Follow nine University of Northampton Paramedic Students as they embark on their first work placements with East Midlands Ambulance Service mentors.
A BBC Three award-winning production team who were behind the ‘Junior Doctors – your life in their hands’ have worked with The University of Northampton and East Midlands Ambulance Service (EMAS) to produce a brand new series, ‘Junior Paramedics.’
The series, Junior Paramedics follows nine University of Northampton Paramedic Science Students, documenting their relationships with their mentors as they embark on their first work placement for their Foundation Degree Course and learn what life is really like on the front line.
In the first episode the students move away from their home comforts to the University of Northampton and after just eight weeks in the classroom, meet their mentors and start their placements. The mentors, from EMAS play a huge part in the student’s development, supporting them as they respond to emergency 999 calls, assessing their skills and competence to grade their performance. The nine student paramedics begin to work gruelling 12-hour shifts and start responding to real life emergencies throughout Northamptonshire and Leicestershire.
Junior Paramedic, Bryn Griffiths said: “Getting your first call from ambulance control is really nerve wracking; you never know what situation you are going to be responding to. When faced with my first patient the pressure was on, as I had to put my skills from the classroom into practice on a real person.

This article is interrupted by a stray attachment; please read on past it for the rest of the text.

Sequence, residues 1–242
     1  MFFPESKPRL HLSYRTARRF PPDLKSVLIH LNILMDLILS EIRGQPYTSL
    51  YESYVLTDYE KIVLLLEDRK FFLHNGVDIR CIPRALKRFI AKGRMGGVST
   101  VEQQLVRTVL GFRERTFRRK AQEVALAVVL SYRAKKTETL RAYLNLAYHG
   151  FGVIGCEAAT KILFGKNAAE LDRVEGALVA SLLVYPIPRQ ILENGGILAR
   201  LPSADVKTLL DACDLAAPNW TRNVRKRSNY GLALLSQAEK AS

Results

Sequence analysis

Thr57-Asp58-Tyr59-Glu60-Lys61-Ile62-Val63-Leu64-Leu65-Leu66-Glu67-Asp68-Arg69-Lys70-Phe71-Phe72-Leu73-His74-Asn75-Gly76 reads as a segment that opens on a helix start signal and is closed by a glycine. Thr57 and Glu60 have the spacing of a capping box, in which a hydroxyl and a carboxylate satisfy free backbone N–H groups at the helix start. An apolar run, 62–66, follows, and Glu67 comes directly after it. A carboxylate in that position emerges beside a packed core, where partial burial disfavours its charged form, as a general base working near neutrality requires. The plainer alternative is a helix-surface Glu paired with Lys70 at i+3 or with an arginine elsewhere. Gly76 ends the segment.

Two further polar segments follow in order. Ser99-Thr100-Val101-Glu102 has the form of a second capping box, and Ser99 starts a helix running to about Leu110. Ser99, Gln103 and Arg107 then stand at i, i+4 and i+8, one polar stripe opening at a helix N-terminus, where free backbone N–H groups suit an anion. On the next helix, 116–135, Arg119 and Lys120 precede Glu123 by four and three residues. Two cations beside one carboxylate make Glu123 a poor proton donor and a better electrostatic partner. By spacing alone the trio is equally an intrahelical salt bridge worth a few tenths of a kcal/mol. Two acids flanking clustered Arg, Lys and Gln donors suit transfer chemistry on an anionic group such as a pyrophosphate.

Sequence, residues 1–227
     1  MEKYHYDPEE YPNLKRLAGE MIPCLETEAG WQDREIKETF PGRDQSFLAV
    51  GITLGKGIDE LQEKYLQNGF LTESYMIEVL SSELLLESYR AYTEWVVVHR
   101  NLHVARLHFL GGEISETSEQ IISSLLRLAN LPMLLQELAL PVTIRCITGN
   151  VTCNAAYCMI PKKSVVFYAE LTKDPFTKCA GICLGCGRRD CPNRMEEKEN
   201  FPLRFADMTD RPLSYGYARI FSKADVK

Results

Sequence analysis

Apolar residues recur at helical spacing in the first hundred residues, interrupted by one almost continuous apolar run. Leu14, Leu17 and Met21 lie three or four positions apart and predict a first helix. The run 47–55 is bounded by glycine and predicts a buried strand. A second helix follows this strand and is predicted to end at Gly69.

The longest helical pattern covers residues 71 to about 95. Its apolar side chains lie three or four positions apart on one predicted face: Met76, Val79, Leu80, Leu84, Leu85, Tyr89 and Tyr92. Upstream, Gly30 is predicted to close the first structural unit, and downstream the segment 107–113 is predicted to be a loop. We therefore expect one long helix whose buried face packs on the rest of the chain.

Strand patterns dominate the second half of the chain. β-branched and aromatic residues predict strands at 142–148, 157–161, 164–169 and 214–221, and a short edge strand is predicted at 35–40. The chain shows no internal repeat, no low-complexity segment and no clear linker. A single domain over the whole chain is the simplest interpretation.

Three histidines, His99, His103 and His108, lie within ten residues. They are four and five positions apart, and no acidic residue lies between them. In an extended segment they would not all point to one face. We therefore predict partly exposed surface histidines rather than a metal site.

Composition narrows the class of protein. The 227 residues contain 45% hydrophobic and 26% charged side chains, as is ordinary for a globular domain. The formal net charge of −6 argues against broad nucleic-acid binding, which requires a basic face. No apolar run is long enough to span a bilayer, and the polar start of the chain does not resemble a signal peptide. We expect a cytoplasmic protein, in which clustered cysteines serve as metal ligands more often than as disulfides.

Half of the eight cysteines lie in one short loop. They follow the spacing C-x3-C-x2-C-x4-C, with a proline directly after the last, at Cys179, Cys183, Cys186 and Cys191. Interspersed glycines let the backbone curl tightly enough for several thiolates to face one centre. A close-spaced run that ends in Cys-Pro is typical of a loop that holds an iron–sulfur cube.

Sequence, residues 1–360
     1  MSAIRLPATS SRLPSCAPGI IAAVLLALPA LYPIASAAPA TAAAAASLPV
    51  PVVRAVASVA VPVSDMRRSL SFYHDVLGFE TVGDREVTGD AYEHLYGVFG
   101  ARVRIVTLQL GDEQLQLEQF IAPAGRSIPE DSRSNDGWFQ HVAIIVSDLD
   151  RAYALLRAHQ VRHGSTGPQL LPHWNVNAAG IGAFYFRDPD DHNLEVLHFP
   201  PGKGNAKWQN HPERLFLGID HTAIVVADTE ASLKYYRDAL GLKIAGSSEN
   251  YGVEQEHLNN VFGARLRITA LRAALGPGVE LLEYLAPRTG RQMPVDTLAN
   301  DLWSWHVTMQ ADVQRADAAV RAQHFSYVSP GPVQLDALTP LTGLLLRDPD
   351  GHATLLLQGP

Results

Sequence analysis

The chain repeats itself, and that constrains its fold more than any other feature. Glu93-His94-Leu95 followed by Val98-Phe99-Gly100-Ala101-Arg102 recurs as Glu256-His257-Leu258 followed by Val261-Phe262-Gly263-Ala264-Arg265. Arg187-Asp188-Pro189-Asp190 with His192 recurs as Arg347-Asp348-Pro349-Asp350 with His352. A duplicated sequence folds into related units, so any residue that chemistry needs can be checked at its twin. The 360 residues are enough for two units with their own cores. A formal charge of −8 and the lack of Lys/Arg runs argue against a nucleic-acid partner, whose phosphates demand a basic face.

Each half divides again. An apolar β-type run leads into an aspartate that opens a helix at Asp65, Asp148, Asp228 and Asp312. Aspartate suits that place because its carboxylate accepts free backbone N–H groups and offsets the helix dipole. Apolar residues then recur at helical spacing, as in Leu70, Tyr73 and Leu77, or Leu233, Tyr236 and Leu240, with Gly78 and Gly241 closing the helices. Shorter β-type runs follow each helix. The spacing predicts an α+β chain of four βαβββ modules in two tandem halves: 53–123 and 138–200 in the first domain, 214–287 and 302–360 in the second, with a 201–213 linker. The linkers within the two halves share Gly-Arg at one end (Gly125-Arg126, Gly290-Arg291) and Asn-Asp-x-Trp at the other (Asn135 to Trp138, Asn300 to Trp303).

“On the way to jobs Charlotte was really supportive and talked me through the situations we were about to face. My academic knowledge was always being tested with every new patient and new environment.”
Charlotte Lewis, paramedic mentor said: “Being a mentor is really rewarding, you are able to share your knowledge and experiences with the student and watch as they grow and develop. It’s all about providing support and assisting the student as they learn what life is really like on the front line.”
Bob Willis, Subject Lead for Paramedic Science said: “Student Paramedics are out on their first clinical placement eight weeks into their course at the University of Northampton; this allows the students to translate the academic elements they have learned so far in to practice early on during their studies. This is the first placement experience which, along with shared learning with other Healthcare Professionals across a range of specialist and general clinical areas, enhance the students’ experience and develops the skills set they need as they enter the profession.”